Secret Service to Expand Drone Capabilities at Home in Trump Era
The inauguration of Donald Trump as the 45th President of the United States provided a chance to put its anti-drone technology into action. After a year of planning, security experts were relieved to have pulled off a seamless operation, amid the growing threat from weaponized drones the world over.
Just four months ago, the Islamic State group succeeded in detonating a bomb attached to a drone in Mosul, killing two Kurdish Peshmerga soldiers and wounding two French soldiers. This attack highlighted the growing threat of what U.S. special forces now call “flying IEDs”, which are now being used on a daily basis in the embattled city, according to the U.S. Central Military Command. Back in D.C., strategists had been busy exploring every possible way to prevent such an attack on January 20.
Civilian drones are already prohibited from flying in Washington, as noted by former Secretary of Homeland Security, Jeh Johnson, who said that the potential for a drone attack was “something we have thought about, we have planned for, and there is technology to deal with it.”
The types of “flying IEDs” employed by Islamic State militants are often capable of flying at speeds of up to 100mph, and are invisible to radar. Mounting an effective ground response to such a threat can be extremely challenging, especially when there is no advanced warning of where the drone might come from and when it might attack. The potential of such drones to be used in a terrorist attack in a large city was highlighted in 2015, when a Japanese anti-nuclear protester succeeded in strapping nuclear waste to one, and flying it directly to the Prime Minister’s residence in the heart of Tokyo.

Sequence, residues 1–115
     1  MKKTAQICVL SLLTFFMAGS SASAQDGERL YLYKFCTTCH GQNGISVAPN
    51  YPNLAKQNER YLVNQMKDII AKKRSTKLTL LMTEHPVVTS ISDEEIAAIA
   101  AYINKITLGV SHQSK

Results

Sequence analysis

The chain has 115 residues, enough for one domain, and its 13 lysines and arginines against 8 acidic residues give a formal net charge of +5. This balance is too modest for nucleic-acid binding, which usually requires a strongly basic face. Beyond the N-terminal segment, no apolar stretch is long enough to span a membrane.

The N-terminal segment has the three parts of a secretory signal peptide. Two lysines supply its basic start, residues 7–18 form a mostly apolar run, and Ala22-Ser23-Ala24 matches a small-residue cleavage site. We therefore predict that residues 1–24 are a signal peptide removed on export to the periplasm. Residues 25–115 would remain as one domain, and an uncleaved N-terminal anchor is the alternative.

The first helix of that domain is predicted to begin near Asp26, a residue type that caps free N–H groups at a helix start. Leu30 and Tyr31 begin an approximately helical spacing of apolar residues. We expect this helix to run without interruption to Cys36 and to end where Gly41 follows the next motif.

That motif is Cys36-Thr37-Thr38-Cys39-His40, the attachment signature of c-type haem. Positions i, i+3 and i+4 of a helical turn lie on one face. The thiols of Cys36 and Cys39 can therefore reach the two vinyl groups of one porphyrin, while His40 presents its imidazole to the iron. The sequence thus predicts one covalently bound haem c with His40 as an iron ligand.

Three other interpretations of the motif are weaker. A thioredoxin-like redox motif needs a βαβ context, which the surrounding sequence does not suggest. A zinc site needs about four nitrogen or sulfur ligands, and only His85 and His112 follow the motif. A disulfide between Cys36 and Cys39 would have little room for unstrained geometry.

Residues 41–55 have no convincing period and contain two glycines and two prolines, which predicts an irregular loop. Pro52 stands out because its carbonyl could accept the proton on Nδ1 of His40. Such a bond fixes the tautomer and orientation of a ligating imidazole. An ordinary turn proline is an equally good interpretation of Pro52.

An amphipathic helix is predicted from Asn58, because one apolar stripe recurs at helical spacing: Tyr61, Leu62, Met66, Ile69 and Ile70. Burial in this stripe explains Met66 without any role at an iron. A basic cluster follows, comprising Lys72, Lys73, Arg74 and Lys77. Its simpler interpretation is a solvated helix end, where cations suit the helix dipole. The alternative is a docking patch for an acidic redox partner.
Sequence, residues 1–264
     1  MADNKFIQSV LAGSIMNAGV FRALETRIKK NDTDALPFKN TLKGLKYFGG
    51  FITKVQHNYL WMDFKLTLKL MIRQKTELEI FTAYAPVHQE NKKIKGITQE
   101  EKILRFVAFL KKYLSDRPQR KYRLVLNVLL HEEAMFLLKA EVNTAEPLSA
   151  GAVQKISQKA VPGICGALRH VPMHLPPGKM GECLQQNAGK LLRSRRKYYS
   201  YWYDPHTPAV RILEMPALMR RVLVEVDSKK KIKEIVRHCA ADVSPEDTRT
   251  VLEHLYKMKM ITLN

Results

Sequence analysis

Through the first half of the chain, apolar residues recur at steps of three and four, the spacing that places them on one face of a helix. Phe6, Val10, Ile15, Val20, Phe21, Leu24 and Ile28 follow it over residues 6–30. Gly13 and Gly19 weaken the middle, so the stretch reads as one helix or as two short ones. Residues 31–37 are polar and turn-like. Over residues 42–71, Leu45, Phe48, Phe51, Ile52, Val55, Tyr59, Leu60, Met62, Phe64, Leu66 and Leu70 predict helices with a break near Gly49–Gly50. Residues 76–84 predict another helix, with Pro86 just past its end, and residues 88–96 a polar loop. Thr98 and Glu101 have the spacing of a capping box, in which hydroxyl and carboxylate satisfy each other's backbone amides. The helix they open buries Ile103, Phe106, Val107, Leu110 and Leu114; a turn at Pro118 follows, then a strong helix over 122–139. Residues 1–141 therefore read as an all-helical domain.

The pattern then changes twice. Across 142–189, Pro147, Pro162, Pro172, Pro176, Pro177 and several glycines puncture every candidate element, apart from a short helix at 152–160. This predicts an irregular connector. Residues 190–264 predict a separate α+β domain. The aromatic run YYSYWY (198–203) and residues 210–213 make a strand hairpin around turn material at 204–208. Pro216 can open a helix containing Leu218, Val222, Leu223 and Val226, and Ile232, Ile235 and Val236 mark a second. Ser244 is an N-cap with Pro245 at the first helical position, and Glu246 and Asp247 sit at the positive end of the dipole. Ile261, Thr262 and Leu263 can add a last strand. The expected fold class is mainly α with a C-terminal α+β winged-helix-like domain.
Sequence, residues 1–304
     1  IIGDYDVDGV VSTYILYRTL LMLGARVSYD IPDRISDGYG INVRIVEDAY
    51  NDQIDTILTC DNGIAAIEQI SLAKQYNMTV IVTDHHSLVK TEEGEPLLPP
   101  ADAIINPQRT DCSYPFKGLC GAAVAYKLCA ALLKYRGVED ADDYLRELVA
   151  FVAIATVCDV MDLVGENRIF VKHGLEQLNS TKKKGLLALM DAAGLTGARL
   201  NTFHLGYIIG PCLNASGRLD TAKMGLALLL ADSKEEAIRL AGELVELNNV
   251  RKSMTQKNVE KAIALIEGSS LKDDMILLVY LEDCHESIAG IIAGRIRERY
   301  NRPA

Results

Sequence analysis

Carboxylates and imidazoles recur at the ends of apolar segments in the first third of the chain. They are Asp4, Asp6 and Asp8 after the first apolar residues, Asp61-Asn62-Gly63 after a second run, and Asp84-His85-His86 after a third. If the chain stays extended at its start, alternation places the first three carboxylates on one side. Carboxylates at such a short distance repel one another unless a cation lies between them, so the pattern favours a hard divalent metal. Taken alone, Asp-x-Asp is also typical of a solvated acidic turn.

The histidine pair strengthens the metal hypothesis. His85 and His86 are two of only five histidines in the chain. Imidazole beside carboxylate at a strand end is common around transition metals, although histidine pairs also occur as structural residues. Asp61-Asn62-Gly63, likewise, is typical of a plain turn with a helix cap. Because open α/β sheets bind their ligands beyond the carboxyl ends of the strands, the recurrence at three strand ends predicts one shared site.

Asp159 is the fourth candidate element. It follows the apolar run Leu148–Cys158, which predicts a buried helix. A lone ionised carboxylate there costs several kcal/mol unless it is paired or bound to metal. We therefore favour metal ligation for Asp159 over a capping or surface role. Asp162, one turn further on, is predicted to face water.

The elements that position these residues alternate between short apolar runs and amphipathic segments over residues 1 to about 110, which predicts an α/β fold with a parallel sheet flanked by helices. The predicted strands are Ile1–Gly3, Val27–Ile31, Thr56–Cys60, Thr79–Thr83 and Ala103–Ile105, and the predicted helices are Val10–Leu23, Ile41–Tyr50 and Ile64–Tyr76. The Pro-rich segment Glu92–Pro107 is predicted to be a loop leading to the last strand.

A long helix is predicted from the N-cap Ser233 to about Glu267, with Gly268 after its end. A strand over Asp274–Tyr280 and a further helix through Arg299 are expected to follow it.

Former CIA targeting officer, John Desmond – who is now the VP of business development DroneShield – believes the threat is real and growing:
It’s a real threat. If you look at what’s going on overseas in the Middle East, it’s a proven threat, not a theoretical one.
Desmond’s company aims to provide answers to the security questions now posed by armed drones. In doing so, it also gives us some clues as to what technology Department of Homeland Security is providing to the Secret Service for these purposes.
DroneShield is essentially a listening device designed to detect and pinpoint the location of any airborne drones in the vicinity. A series of parabolic microphones listens specifically for the giveaway sound of a drone’s rotor blades. Once detected, the target’s location is relayed to a ground agent who fires radio waves to disrupt the drone’s communications systems. Once the agent has taken control of the drone, they are then able to land it safely at a designated site, where it can then be inspected and disarmed, if necessary. This system has been employed for the last two years at the Boston Marathon.
With the vast array of vibrations occurring over a city’s airspace, it might seem an incredibly hard task to tell what is actually a drone and what isn’t. John Franklin, Chief Scientist at DroneShield explains how this is possible:
A lot of sounds you think of are a lot lower frequency than these drones. What goes into telling them apart is both the frequencies they’re emitting noise at and also how that’s changed over time.
(Cover photo by Iraqi Ministry of Defense)